Bled 1961, Miskolc 1963,Amsterdam ITZ. 1964 , Hastings 1964, Rejkjavik 1964, Palma de Mallorca 1966,Week aan Zee 1973, Halle 1974, Leningrad 1977, Sochi 1977, Tblisi 1978, Montreal 1979, Riga Itz. 1979, Sochi 1982, Buenos Aires 1991. In 1988 he even became World Champion of Blitz.

(Note: as ever remember these post are aimed at offering hints for the reader to start his/her own investigations. And concerning the selection of games I always choose the ones I like trying to include lesser known ones.)

The Games

First of all, two positions:

W.: Tal  (1) : Kg3 – Ra2 – Bf1 – f4 – e5. c5 – b4

B.: Trifunovic (0) : Ke7 – Be7 – Rh8 – c6 – f6 – h3

Palma de Mallorca 1966

A clockwork masterpiece:

45. e6!! Be6: 46. Ra7 Bd7  47. Kh2! Rh5  48. b5! Rc5: 49. Bh3: f5 50. bc6 Rc6:  51. Bf5:  Rd6  52. Kg3 Ke8    53. Rd7: Rd7:  54. Bd7: Kd7:  55. Kg4 Ke6  56. Kg5  Kf7  57. Kf5  and Black resigned.

W.:  Tal  (1) :     Kg1 – Qa4 – Nc4 – Bd3 – Bh4 – Ra1 -Rf1 – a2 – c3 – e5 – f3 – g2 – h2

B.:  Hecht (0) :   Ke8 – Qe6 – Nf6 – Ng6 – Bb7 – Ra8 – Rh8 – a7 – b5 – c5- c6 – f7 – g7 – h6

Varna (Ol) 1962

19. ef6: ba4: 20. fg7: Rg8 21. Bf5 Nh4  22. Be6 Ba6  23. Nd6 Ke7           24. Bc4 Rg7  25. g3 Kd6  26.Ba6 Nf5   27. Rab1 f6 28. Rfd1 Ke7               29. Re1 Kd6 30. Kf2 c4 31. g4 Ne7 32. RB7 rag8 33. Bc4 Nd5                  34. Bd5: cd5:   35. Rb4 Rc8 36. Ra4 Rc3 37. Ra6 Kc5 38. Rf6 h5           39. h3 hg4: 40. hg4: Rh7  41. g5 Rh5: 42. Rf5 Rc2   43. Kg3 Kc4           44. Ree5 d4  45. g6 Rh1  46. Rc5 Kd3 47. Rc2 Kc2 48. Kf4 Rg1                49. Rg5  Black resigned.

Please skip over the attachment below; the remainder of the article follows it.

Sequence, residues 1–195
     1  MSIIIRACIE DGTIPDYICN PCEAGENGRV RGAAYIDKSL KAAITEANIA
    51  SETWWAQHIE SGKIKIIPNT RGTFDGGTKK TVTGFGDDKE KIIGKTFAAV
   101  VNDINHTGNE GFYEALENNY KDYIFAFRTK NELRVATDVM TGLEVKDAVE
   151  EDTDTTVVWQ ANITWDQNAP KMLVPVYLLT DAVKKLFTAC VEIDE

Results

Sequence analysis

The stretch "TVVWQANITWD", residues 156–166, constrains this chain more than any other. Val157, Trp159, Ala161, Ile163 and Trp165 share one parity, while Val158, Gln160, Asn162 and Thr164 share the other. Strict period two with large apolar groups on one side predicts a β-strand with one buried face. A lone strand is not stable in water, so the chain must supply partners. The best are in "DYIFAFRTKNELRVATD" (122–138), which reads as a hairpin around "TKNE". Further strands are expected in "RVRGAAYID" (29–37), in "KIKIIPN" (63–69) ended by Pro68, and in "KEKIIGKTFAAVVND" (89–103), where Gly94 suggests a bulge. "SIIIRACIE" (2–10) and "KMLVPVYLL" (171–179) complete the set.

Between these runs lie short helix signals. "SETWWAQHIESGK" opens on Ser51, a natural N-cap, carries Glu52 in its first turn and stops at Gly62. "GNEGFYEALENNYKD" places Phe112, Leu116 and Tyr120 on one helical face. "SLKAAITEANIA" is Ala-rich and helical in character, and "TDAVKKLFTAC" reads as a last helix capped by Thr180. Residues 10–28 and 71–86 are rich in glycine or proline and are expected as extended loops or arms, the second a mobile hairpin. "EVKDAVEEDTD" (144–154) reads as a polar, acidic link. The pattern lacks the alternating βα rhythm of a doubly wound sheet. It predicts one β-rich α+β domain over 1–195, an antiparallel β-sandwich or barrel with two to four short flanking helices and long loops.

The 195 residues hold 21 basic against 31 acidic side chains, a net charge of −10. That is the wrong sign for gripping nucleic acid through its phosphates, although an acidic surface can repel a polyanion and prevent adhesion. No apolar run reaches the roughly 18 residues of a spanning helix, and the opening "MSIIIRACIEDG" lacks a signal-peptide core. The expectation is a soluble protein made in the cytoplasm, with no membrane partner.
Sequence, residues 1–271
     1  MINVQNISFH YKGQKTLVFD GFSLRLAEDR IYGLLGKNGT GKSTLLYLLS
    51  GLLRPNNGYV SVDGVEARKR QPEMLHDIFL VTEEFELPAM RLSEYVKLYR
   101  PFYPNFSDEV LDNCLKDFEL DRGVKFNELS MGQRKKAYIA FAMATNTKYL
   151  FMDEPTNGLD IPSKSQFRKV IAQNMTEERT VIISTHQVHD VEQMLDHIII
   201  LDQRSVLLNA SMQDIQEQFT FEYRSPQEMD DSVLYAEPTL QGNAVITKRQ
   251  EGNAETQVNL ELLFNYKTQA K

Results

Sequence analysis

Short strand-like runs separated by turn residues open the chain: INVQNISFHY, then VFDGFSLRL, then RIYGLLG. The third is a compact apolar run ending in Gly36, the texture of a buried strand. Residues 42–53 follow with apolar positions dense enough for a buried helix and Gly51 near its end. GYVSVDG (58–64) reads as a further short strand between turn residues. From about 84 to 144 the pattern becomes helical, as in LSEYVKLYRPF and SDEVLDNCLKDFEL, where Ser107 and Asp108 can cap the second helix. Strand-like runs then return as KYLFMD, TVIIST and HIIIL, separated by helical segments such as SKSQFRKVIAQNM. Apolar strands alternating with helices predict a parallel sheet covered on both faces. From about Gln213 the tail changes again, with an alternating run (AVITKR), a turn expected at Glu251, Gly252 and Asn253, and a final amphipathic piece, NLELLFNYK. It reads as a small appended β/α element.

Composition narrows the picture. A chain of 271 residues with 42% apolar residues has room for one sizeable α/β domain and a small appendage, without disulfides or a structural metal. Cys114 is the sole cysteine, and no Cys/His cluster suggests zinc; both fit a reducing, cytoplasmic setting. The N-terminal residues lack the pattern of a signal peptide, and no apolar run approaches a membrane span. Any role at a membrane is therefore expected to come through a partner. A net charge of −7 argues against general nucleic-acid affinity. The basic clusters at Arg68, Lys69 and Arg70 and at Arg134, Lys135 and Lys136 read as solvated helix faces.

W.: Tal (1)

Black : Larsen (0)

Montreal 1979

This event was a super-tournament featuring Karpov, Tal, Spassky, Portisch, Ljubojevic, Timman, Larsen, Hort, Kavalek and Hübner. Karpov and Tal tied first.

1. e4 c5 2. Nf3 Nc6 3. d4 cd4: 4. Nd4: Nf6 5. Nc3 d6 6. Bg5 e6 7. Qd2 Be7 8. 0-0-0  a6 9. f4 Qc7 10. Be2 Nd4:   11. Qd4: b5 12. e5 de5: 13. fe5: Nd5 14. Be7: Nc3: 15. Bf3! Nd1: 16. Bd6 Qc4 17. Qb6! Nf2                             18. Bc6 Bd7     19. Bd7:  Kd7: 20. Qb7 Kd8 21.Qa8: Qc8  22. Qa7 , Black resigns.

W.: Gurgenidze (0)

B.: Tal (1)

USSR Chess Championship 1957

1. d4 Nf6 2. c4 c5 3. d5 e6 4. Nc3 ed5:  5.cd5:  d6  6. Nf3 g6  7. e4 Bg7  8. Be2 0-0  9. 0-0 Re8  10. Nd2 Na6      11. Re1 Nc7 12. a4 b6  13. Qc2 Ng4 14. h3 Nf2: 15. Kf2: Qh4 16. Kf1 Bd4 17. Nd1  Qh3:  18. Bf3 Qh2  19. Ne3 f5   20 Ndc4 fe4: 21. Be4: Ba6 22. Bf3 Re5 23. Bf3 Re5 24. Bd2 Nd5:  25. Bd5: Rd5: 26. Ke2 Be3:27. Re3: Bc4:  0-1

W.: Tal (1)

B.: Krupeichik (0)

Moscow 1981

1. Nf3 Nf6 2. g3 d5 3. Bg2 Nc6 4. 0-0 e5 5. d3 Bg4 6. h3 Bf5 7. Nc3 Qd7 8. Kh2 h6 9. e4 Be6 10. ed5:  Nd5: 11. Rel Nc3: 12. bc3: Bd6 13. d4 ed4:  14. Nd4: Nd4: 15. cd4 c6 16. c4 0-0 17. d5 cd5: 18. Bb2 Bc5 19. cd5: Bf5 20. Qd2 Rc8 21. Rac1! f6 22. Bd4! Ba3 23. Rc8: Rc8: 24. Ba7: Qa4       25. d6 Kh8  26. Qd5 Bd7 27. Be3 Qc4 28. Qb7! Be6 29. Bh6: gh6:             30. Qe7 Bf7  31. Qf6:  Black resigned.

The following game was one very especial to him:

W.: Tal (1)

Black: Panno (0)

Portoroz 1958

1. e4 e5 2. Nf3 Nc6 3. Bb5 a6 4. Ba4 Nf6 5. 0-0 6. Re1 b5 7. Bb3 d6         8. c3 0-0 9. h3 Nd7  10. d4 Nb6 11.Be3 ed 12. cd Na5 13. Bc2 c5              14. e5?! de!  15. Ne5 Nbc4  16. Qd3 f5  17. Bb3! f4  18. Bd2 Nb3!               19. Nc6 Na1  20. Nd8 Bf5  21. Qf3 Rad8  22. Re7 Bb1  23. Bf4 Rd4           24. Qg4! Bg6  25. Qe6 Bf7  26. Qf5 Nc2  27. b3 Bg6  28. Rg7 Kg7           29. Bh6 Kh6 30.Qf8 Kg5 31. bc bc 32. g3 Be4 33. h4 Kg4 34. Kh2 Bf5! 35. Qf6 h6 36. Qe5 Re4  37. Qg7 Kf3  38. Qc3 Ne3  39. Kg1 Bg4             40. fe4  h5  41. Qe1 Re3  42. Qf1 Ke4  43. Qc4 Kf3  44. Qf1 Ke4                 45. Qa6 Kd4  46. Qd6 Kc4  47. a4 Re1  48. Kf2 Re2  49. Kf1 Ra2               50. Qa6 Kd4  51. a5 c4  52. Qb6 Kd5  53. a6 Ra1  54. Kf2 c3 55. a7 c2 56. Qb3 Kd6 57. Qd3,   1-0



Written by QChess

March 29, 2012 at 7:18 am